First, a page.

Fired host of WBEZ's Q defends his 'sexual practices'



Jian Ghomeshi in more employed times.
  • Sonia Recchia/Getty Images
  • Jian Ghomeshi in more employed times.
Jian Ghomeshi, founder and host of the CBC's Q, which WBEZ airs four nights a week at 8 PM, was fired Sunday for reasons apparently related to his private life. The Toronto Star, reporting Ghomeshi's dismissal, said it had been approached in recent months by "three young women, all about 20 years his junior, who say he was physically violent to them without their consent during sexual encounters or in the lead-up to sexual encounters." It went on to say Ghomeshi intends to sue the CBC for "breach of contract and bad faith."

The Star says the women are "reluctant to come forward publicly."

Ghomeshi has posted his side of the story on Facebook.

"I've been fired from the CBC," he writes, "because of the risk of my private sex life being made public as a result of a campaign of false allegations pursued by a jilted ex girlfriend and a freelance writer. . . . Forgive me if what follows may be shocking to some. I have always been interested in a variety of activities in the bedroom but I only participate in sexual practices that are mutually agreed upon, consensual, and exciting for both partners."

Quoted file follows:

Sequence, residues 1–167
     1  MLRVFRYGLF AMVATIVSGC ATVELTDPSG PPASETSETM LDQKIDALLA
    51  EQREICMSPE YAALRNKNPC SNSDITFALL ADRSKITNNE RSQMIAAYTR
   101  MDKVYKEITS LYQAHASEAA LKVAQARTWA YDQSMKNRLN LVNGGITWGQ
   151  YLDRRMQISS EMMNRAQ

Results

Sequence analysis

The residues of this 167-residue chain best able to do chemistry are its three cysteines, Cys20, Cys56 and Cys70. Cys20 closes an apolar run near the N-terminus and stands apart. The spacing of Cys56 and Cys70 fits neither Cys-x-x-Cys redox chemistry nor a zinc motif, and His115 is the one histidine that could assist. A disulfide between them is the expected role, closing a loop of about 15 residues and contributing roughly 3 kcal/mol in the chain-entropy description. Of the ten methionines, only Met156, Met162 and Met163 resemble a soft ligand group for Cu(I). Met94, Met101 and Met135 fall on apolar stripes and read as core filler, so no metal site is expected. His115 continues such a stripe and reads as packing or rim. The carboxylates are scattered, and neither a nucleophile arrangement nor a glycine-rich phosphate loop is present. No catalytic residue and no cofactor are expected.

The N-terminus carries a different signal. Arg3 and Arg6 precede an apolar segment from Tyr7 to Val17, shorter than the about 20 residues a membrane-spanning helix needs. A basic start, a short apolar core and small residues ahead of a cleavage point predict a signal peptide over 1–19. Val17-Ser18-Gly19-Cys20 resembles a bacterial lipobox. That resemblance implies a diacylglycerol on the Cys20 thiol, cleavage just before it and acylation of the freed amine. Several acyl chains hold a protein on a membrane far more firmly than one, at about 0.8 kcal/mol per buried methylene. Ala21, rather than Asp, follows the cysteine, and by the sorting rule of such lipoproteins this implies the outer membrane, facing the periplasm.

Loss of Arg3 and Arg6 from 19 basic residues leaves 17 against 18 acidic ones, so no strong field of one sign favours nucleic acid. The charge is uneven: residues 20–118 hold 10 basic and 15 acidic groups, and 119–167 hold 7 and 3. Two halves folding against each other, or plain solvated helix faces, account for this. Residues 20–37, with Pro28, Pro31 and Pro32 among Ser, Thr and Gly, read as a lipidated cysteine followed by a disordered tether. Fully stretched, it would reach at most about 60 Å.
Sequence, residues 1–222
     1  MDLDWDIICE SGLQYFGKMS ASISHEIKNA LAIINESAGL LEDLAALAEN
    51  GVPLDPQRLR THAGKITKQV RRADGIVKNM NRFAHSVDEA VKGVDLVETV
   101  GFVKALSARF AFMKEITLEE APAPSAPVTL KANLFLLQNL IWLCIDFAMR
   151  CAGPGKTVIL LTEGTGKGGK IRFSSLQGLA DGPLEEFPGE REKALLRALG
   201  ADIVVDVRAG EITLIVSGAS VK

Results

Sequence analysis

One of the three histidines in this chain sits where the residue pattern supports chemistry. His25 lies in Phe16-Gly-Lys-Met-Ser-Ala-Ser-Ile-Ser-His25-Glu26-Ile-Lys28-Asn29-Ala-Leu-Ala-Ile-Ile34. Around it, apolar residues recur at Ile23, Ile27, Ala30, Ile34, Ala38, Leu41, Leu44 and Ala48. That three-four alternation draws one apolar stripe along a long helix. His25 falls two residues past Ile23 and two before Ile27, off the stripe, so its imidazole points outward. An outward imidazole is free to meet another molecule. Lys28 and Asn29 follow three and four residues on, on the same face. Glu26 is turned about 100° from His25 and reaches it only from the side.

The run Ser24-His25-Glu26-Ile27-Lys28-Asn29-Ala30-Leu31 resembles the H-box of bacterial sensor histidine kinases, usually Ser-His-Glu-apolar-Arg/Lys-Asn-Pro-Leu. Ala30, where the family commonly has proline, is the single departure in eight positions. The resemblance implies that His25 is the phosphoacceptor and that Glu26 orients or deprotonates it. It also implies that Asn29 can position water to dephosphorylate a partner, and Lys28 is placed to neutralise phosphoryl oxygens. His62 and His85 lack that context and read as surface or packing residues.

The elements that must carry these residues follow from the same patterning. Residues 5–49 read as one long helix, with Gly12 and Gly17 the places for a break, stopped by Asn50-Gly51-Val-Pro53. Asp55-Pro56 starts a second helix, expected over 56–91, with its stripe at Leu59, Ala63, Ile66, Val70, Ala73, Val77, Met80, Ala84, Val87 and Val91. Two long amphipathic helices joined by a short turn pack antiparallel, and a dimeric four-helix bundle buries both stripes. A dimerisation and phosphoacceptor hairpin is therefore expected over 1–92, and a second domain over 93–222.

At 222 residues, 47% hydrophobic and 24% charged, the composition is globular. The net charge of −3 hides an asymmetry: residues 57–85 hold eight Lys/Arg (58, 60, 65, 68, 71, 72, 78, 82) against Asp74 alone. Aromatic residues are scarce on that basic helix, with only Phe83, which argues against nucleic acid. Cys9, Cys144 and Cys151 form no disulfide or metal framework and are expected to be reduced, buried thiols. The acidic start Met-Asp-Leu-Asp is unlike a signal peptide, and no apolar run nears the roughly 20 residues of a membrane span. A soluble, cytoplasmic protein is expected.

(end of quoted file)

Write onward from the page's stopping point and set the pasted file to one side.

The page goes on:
He says he became the victim of someone who began "reframing what had been an ongoing consensual relationship as something nefarious" and of a "freelance writer who was known not to be a fan of mine." He writes, "Together, they set out to try to find corroborators to build a case to defame me."

WBEZ's home page describes Q as an "energetic daily arts, culture and entertainment magazine that takes you on a smart and surprising ride, interviewing personalities and tackling the cultural issues that matter. Hosted by Jian Ghomeshi, with his trademark wit and spontaneity, Q covers pop culture and high arts alike with forays into the most provocative and compelling cultural trends."

Goli Sheikholeslami, CEO of WBEZ's parent, Chicago Public Media, says the station will continue to air Q, which will be led by a guest host until someone permanent is named. She says she was told by Public Radio International, which distributes the program, that there will be no interruption in its production.

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